Archive for August 3rd, 2017

What a Bel-ter! Prestbury ace England girls’ champ

Bel.jpgTHE winds blew at gale force – but nothing could stop Cheshire’s Bel Wardle as she swept to a seven-shot win in the English girls’ championship at Littlestone, Kent.
The brutal weather made it tough to take a stance, let alone hit a ball, but the 17-year-old international shot one-under 72 in the third round – and became the champion when the fourth round was abandoned because of the conditions.
She was seven-under par for 54 holes, while runner-up Martha Lewis (St George’s Hill, Surrey) finished on level par. Third place, on three over, was taken by Megan Dennis (Woburn, Buckinghamshire) and Annabell Fuller (Roehampton, Surrey) was a further shot back.
The win is huge for Wardle, who plays at Prestbury. She said: “Last year I led after two rounds and kind of blew it in the third round. I went out there today so determined not to let that happen again. I didn’t want that that sinking feeling again.
“I knew I could compete, but this was about getting over the line with my first win and it does so much for my confidence. It shows me I can do it, I really can do it.”
Wardle’s plan was to get off a quick start – and she couldn’t have been speedier. She drove the first green and holed the 3ft putt for an eagle, then birdied the next two holes to get to 10-under for the championship. She parred her way to the turn and then began the very difficult inward half.
“It was so tough coming in. On the 10th I started wondering how I could get the club back in the wind and we were only just making the fairway. When you were over the ball it was a matter of take whatever stance you could and give it a go.
“I just kept things simple, I didn’t go pin-hunting, I just tried to hit greens and control my shots into the greens.”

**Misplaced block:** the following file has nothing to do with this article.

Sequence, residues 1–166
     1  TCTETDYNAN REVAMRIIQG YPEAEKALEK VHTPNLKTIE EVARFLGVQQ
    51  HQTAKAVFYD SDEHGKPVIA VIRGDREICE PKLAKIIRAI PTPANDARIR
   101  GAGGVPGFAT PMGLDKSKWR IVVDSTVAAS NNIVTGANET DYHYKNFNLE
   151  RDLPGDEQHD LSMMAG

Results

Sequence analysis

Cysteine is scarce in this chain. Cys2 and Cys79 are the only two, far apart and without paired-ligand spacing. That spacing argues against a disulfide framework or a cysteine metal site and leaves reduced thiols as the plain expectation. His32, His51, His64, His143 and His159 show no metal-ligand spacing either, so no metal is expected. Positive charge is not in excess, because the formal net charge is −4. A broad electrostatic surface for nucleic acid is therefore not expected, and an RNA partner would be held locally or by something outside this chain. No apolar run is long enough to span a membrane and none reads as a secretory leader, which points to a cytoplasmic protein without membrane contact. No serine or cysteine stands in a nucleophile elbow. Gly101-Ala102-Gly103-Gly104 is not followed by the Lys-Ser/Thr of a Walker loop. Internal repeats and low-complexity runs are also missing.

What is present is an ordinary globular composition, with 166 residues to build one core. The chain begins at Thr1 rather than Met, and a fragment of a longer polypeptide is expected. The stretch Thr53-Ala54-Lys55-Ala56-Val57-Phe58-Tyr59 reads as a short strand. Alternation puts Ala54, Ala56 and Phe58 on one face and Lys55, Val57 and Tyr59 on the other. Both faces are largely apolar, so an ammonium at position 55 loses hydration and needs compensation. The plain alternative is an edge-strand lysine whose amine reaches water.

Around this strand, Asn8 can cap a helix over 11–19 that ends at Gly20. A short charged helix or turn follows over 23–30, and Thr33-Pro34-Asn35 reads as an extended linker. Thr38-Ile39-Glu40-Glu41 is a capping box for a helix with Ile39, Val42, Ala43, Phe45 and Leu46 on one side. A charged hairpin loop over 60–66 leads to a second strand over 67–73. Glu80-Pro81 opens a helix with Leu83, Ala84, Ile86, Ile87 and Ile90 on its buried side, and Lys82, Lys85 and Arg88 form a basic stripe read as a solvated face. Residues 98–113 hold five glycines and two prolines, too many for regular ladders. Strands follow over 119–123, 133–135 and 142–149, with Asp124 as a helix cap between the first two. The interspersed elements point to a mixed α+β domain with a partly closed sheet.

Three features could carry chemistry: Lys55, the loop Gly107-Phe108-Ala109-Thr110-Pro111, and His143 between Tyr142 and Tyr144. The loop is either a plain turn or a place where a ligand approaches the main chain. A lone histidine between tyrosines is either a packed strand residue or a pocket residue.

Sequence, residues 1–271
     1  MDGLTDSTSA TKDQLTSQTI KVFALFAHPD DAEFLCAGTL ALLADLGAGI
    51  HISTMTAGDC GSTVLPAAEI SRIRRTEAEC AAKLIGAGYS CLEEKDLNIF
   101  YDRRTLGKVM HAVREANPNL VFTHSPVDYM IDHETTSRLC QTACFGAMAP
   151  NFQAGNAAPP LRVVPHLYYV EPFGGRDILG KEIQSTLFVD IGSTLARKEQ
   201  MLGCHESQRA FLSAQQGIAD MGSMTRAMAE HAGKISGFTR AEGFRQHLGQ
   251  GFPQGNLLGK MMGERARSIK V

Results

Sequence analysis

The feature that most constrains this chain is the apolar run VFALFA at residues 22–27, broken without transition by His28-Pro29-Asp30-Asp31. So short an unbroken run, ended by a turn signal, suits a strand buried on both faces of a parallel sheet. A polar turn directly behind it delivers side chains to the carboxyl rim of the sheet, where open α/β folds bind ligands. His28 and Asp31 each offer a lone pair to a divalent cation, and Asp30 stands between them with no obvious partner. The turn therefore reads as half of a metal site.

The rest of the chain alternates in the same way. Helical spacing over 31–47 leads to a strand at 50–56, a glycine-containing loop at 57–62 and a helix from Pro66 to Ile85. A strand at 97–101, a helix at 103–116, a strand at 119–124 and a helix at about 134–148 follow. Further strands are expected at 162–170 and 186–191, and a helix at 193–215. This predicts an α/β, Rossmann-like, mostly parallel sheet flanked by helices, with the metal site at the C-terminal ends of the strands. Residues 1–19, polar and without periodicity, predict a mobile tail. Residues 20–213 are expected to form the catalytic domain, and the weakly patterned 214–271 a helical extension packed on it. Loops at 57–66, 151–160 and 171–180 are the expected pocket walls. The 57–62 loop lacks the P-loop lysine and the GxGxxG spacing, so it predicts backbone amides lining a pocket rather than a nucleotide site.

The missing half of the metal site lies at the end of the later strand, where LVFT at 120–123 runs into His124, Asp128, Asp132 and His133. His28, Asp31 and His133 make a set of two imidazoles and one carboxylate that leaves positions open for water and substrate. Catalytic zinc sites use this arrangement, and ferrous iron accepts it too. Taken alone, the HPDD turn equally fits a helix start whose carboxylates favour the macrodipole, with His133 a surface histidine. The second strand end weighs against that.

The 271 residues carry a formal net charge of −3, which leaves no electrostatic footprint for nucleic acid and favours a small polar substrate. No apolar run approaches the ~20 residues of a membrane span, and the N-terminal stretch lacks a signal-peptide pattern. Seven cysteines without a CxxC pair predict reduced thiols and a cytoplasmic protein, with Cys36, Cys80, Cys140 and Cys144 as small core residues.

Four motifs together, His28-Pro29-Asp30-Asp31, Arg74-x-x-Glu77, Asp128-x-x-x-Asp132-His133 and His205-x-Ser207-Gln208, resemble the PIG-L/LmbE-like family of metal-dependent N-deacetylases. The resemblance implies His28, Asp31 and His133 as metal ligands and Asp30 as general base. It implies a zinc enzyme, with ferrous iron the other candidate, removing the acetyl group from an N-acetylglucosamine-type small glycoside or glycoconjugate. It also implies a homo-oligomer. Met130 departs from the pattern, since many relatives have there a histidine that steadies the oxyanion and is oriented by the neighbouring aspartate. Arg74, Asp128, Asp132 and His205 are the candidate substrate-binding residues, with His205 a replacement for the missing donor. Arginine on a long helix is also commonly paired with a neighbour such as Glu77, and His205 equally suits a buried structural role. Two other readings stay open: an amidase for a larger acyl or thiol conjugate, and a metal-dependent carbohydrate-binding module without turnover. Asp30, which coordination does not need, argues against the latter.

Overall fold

Now Wardle is off to play for England in the girls’ Home Internationals at Little Aston, Staffordshire, which start on Wednesday. After that it’s the British girls’ championship, where she was runner-up last year.

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Cheshire chosen to attract more juniors

CHESHIRE is among four counties chosen to work in partnership with England Golf over the next two years to get more juniors involved in the sport.

Durham, Lincolnshire and Somerset are also joining the pilot project which aims to get more under-18s playing and joining clubs.

The latest England Golf Club Questionnaire, which is carried out every two years and tracks trends, shows a decline in junior membership. On average, each club lost three boy members between 2014 and 2016 and altogether juniors account for just seven per cent of club members.

Lee Dolby, England Golf’s Young People Manager, commented: “It’s vital that we address the challenges facing junior golf. Cheshire and the other three counties have enormous commitment and enthusiasm for developing junior golf and involving more young people. “I am looking forward to working with them over the next couple of years to see how much of an impact

Junior-golf (3).jpgwe can have and how we can inspire a love of golf to last a lifetime.”

Cheshire is already deeply committed to growing junior golf. It has had excellent results with Girls Golf Rocks, the England Golf and Golf Foundation project to attract more girls into the game, and has just started a county-wide project to encourage more juniors generally. It has also run junior leagues for 24 years and has a talent pathway for promising youngsters.

David Durling, Chair of the Cheshire Golf Development Group, said: “We have already identified junior development as a priority and are hugely enthusiastic about this project. It will help us increase the number of young people coming into golf and support the clubs which are struggling to run junior sections.”

Each of the four counties will have a bespoke plan which recognises their particular challenges and targets. They’ll be supported by Lee Dolby and the England Golf network of club support offers and regional managers.

This will include offering access to research, workshops and educational resources and help with marketing to a younger audience.

Dolby added: “By working closely with counties, rather than individual clubs, we can look at wider solutions which, eventually, we can share across the country.”

Image copyright Leaderboard Photography